Humans differ from African great apes in numerous respects, but the chief initial difference setting hominins on their unique evolutionary trajectory was habitual bipedalism. The two most widely supported selective forces for this adaptation are increased efficiency of locomotion and improved ability to feed in upright contexts. By 4 million years ago, hominins had evolved the ability to walk long distances but extreme selection for endurance capabilities likely occurred later in the genus Homo to help them forage, power scavenge and persistence hunt in hot, arid conditions. In this review we explore the hypothesis that to be effective long-distance walkers and especially runners, there would also have been a strong selective benefit among Homo to resist fatigue. Our hypothesis is that since fatigue is an important factor that limits the ability to perform endurance-based activities, fatigue resistance was likely an important target for selection during human evolution for improved endurance capabilities. We review the trade-offs between strength, power, and stamina in apes and Homo and discuss three biological systems that we hypothesize humans evolved adaptations for fatigue resistance: neurological, metabolic and thermoregulatory. We conclude that the evolution of endurance at the cost of strength and power likely also involved the evolution of mechanisms to resist fatigue.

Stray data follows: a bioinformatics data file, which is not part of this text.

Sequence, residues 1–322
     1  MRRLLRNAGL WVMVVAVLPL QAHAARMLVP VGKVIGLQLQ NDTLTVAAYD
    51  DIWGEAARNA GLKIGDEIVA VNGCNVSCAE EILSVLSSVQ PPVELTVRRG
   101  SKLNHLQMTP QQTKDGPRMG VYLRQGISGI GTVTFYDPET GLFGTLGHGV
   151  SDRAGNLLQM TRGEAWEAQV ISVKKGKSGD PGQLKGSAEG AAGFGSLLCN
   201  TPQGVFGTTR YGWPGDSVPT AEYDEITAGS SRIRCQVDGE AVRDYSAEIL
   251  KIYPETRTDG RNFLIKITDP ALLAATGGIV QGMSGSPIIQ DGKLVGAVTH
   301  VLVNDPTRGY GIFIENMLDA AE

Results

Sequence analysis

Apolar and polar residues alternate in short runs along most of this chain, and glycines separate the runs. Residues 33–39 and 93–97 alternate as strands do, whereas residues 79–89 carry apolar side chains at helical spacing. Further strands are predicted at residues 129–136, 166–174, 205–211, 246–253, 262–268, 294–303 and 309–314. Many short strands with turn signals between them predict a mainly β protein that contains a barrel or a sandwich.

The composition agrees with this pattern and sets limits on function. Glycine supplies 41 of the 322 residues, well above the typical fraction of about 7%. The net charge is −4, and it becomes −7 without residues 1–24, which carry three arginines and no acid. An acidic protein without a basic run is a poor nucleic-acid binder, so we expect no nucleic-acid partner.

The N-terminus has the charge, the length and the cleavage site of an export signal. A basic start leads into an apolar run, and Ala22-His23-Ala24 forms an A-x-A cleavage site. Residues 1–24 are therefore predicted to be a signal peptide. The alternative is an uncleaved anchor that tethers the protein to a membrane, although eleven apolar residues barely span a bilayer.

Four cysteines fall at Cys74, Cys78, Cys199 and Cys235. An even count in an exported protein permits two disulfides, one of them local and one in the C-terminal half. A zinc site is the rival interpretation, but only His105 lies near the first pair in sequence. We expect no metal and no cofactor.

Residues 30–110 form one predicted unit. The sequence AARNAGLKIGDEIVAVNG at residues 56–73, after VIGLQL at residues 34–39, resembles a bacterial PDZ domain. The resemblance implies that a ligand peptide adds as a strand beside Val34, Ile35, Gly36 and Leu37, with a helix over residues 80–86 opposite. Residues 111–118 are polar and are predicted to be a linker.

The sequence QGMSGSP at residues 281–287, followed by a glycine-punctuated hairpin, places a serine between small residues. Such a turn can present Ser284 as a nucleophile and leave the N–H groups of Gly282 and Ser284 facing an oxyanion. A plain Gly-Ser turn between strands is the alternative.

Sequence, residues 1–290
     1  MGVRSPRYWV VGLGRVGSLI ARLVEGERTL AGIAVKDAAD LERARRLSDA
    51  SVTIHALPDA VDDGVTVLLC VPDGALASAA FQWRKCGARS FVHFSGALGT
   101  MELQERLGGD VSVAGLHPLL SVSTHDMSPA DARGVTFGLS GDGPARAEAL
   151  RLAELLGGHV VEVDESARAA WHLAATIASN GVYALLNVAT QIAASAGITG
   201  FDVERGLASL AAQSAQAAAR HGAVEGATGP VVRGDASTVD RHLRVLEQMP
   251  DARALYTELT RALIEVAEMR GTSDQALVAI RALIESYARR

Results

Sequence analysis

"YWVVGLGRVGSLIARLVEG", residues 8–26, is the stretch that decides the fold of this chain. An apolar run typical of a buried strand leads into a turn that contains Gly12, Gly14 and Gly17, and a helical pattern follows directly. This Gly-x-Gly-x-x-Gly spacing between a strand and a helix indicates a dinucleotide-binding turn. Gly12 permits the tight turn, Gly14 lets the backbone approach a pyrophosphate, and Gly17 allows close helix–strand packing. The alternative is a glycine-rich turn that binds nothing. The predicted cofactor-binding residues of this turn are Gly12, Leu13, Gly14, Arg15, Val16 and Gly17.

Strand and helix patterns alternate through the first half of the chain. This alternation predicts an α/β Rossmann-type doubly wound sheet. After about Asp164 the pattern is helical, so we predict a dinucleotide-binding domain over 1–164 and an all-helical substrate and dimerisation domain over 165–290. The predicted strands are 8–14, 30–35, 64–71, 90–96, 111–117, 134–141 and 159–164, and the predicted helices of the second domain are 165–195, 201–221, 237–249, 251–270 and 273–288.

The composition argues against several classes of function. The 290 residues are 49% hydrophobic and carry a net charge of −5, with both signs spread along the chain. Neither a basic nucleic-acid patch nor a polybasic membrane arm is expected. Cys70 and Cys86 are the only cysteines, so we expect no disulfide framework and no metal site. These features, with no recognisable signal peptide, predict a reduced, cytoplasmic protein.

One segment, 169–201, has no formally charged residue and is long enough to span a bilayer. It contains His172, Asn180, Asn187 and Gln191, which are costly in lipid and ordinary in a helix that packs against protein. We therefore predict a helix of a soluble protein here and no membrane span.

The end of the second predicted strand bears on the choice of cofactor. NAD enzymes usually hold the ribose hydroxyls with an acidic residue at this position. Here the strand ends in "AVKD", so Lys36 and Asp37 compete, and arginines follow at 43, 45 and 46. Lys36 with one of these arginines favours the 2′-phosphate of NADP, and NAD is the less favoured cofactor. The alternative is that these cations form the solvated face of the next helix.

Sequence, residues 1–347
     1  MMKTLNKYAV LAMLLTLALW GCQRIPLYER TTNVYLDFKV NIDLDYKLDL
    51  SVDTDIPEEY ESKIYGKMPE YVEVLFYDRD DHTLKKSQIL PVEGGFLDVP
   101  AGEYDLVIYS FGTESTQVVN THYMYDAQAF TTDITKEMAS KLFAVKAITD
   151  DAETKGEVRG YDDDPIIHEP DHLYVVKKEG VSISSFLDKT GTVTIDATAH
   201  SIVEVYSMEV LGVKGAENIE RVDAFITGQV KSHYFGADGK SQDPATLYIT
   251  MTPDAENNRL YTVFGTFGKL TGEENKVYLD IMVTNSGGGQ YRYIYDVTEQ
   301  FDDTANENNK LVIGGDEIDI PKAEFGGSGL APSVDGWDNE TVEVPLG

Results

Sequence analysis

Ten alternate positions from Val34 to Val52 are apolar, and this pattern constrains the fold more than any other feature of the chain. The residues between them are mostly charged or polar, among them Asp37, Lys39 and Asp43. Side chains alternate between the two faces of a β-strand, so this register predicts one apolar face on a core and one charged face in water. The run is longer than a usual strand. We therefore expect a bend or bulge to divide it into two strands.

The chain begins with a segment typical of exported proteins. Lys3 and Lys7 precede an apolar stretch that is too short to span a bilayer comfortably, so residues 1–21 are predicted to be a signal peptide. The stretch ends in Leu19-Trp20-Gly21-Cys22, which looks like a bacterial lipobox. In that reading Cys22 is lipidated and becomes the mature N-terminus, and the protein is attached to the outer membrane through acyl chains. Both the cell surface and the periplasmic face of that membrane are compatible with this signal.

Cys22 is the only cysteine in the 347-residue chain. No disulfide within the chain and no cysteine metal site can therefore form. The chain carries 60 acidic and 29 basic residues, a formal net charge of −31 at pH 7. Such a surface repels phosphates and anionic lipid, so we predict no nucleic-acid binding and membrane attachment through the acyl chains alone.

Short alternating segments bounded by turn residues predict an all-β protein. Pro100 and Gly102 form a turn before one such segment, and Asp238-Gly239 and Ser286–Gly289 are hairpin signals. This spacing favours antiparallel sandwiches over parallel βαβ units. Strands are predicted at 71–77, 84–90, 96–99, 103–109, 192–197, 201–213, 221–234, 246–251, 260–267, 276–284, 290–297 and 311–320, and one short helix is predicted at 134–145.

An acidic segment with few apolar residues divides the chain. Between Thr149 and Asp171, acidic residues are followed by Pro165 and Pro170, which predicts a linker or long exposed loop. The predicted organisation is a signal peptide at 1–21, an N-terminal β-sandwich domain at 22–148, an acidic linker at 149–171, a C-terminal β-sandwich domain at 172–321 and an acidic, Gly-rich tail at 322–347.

|Number of pages||12|
|Journal||Journal of Comparative Physiology B: biochemical, systemic, and environmental physiology|
|Publication status||Published - Jul 2022|